Five-time Olympic champion Bradley Wiggins has announced his retirement from cycling aged 36.
Wiggins became Britain’s first Tour de France winner in 2012 and bows out with eight Olympic medals, including five golds, and seven world titles, across track and road cycling, to his name.
The 36-year-old said in a statement: “I have been lucky enough to live a dream and fulfil my childhood aspiration of making a living and a career out of the sport I fell in love with at the age of 12. I’ve met my idols and ridden with and alongside the best for 20 years. I have worked with the world’s best coaches and managers who I will always be grateful to for their support.
“What will stick with me forever is the support and love from the public though thick and thin, all as a result of riding a pushbike for a living. 2012 blew my mind and was a gas. Cycling has given me everything and I couldn’t have done it without the support of my wonderful wife Cath and our amazing kids.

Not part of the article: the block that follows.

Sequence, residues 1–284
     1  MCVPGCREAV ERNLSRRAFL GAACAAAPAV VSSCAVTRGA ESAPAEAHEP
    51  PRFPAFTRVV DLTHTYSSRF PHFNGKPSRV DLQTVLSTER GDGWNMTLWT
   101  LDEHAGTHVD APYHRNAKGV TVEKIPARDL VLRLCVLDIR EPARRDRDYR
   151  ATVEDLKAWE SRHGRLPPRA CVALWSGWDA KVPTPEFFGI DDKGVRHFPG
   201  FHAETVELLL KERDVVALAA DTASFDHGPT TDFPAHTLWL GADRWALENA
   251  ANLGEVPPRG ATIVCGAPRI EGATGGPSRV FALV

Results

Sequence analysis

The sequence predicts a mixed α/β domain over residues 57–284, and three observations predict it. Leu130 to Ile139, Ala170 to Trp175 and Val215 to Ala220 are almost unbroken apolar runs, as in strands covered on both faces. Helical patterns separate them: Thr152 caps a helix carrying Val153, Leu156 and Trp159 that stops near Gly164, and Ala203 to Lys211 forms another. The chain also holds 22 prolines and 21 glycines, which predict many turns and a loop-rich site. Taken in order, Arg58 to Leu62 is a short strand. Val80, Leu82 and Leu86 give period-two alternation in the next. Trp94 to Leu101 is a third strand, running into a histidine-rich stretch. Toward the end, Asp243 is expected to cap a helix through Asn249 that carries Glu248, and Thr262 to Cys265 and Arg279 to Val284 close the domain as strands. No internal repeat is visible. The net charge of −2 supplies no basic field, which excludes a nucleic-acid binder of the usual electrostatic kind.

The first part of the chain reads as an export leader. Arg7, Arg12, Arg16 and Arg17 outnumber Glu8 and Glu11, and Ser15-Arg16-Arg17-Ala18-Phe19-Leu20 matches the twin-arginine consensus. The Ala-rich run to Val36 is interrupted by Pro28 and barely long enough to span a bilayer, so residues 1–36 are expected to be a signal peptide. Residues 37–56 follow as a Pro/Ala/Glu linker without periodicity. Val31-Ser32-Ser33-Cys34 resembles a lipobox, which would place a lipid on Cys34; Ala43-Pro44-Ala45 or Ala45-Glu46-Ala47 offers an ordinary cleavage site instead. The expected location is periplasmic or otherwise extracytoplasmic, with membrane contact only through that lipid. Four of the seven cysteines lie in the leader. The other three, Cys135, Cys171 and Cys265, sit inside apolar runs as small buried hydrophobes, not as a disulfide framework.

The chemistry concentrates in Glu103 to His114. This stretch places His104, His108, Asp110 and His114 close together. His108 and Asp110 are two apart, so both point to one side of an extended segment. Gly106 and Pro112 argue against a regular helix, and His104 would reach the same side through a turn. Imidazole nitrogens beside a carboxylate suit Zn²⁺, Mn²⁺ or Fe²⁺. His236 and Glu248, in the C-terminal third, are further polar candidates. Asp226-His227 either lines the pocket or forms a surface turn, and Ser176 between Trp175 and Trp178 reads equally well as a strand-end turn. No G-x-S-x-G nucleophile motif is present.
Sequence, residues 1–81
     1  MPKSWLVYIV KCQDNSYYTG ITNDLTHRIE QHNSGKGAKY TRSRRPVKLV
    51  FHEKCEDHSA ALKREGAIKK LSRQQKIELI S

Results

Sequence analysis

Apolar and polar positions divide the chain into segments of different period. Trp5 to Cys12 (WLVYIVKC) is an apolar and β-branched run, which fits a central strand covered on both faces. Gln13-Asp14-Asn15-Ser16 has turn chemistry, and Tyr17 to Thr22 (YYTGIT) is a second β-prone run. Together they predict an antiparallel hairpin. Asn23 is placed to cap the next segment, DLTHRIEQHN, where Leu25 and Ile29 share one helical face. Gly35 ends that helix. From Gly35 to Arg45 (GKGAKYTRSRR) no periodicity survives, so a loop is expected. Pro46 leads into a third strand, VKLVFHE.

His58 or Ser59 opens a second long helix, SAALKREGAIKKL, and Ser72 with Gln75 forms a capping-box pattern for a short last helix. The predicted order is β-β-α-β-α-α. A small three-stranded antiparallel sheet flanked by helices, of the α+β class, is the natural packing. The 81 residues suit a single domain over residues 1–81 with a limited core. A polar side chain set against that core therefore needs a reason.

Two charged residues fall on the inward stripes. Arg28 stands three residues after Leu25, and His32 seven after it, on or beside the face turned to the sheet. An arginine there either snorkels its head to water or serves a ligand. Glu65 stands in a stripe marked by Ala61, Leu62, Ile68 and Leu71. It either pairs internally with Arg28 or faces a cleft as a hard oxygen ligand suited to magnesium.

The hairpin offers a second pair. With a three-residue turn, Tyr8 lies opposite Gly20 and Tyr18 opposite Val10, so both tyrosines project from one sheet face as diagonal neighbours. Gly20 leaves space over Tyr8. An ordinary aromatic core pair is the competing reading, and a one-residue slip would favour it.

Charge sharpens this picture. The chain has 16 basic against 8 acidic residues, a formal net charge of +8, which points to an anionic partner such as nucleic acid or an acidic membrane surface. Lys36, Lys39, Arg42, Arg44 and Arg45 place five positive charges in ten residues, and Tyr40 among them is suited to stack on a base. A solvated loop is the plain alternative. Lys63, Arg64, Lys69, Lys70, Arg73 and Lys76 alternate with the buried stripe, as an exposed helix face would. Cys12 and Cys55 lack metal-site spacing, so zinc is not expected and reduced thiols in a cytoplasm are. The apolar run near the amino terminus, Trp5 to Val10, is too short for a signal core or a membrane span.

“2016 is the end of the road for this chapter, onwards and upwards, “feet on the ground, head in the clouds” kids from Kilburn don’t win Olympic Golds and Tour de Frances’! They do now.”
Earlier this year his medical records were made public after a cyber attack. These showed that he had been granted multiple TUEs exemptions as an asthma sufferer, prompting questions about Wiggins’s openness on the subject.
British media reported that a mystery package had been delivered to Wiggins, which his boss at Sky Dave Brailsford later told Parliament had contained a decongestant.
Wiggins consistently denied any wrongdoing but the episode provided a sour postscript to an astonishing career in which the boy from Kilburn took the high road and never looked back.